Eric A. Stanley is an assistant professor in the Department of Gender and Sexuality Studies at the University of California, Riverside. Along with Chris Vargas, they directed the films Homotopia (2006) and Criminal Queers (2015). A co-editor of the anthology Captive Genders: Trans Embodiment and the Prison Industrial Complex, Eric organizes with the direct action collective, Gay Shame.
I sat down with Eric to talk prison abolition, deconstructing binaries, and building alternative futures.
Cherise Morris (CM): For all the people out there who don’t know: How do you define prison abolition?
Eric Stanley (ES): Prison abolition is both a response to the enormous violence that constitutes the prison-industrial complex, but also a commitment to dreaming collectively beyond and against the pragmatism of the political as such. Or perhaps put another way, prison abolition is a pre-figurative as it illustrates how that the prison system is not “broken” as many argue, but it is working exactly as designed; as a set of interlocking practices, laws and fantasies that liquidate entire life-worlds, particularly Black, Native, gender non-conforming, disabled, undocumented and more. This massive violence, which we might call the United States, is ironically enacted under the banner of safety and justice.
CM: And that gets at my next question: In my personal view, there are multiple components to it and one is actually ending the prisons, the jails, the detention centers and the juvenile youth facilities. The second part is reimagining a society, our standards, our values, our systems of community, our institutions that define our safety. What are some ways that people can start living abolition right now in their daily lives, because it is such a long process?
ES: That’s a really important and also enormous question. The ways that we treat each other are always already interpellated by the logic of the prison-industrial complex. For example, we’re constantly locked in punitive relationships with each other. I think it’s really important to imagine what a an abolitionist interpersonal and community relationship would actually look like. And just like there’s not a one-size-fits-all definition of what abolition is, in the same way the question of what a non-punitive interpersonal or community relationship might be. Following Reina Gossett provocation, we must ask what it would mean to build worlds that weren’t based on exile and exclusion? And how can we create communities that address the very real systems of violence that we live through, so that hopefully they won’t be perpetuated by the same people in other places.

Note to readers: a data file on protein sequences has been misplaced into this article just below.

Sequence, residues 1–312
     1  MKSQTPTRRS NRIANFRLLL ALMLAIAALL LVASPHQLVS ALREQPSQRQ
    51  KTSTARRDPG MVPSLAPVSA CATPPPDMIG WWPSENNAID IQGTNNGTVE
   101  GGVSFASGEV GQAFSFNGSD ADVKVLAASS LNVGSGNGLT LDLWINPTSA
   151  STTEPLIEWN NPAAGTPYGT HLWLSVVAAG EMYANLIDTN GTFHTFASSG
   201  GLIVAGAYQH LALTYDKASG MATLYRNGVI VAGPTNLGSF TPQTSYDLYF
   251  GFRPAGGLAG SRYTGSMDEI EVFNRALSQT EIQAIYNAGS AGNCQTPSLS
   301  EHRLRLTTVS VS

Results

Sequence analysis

CM: In Captive Genders, you parse out the difference between a framework that operates from the reformist perspective and a framework that operates from the abolitionist perspective. This is something that I’m personally always asking myself. How/can reformism and abolition work together?
ES: Something that we’ve been talking about for a long time in prison abolitionist organizing are non-reformist reforms. If under systems of racialized global capitalism usually all we have are bad and worse choices then the question of maneuver is central. If I’m thinking about a particular political strategy its important to ask if: whatever we’re fighting for now, are we going to have to be fighting against it in five years? As an example, there’s this really intense push right now to create trans-specific housing or gender-specific housing [in prisons]. And for me, as an abolitionist, while we have to attend to the immediate needs of people inside, I know whenever we add more beds it’s always a bad choice—because prisons work through systems of necessary overcrowding. If we were to build a gender-responsive prison—which is the kind of language that people started using about 10 years ago—or a trans-specific pod which might add 200 more beds, then all of a sudden there’ll be 600 more people locked up.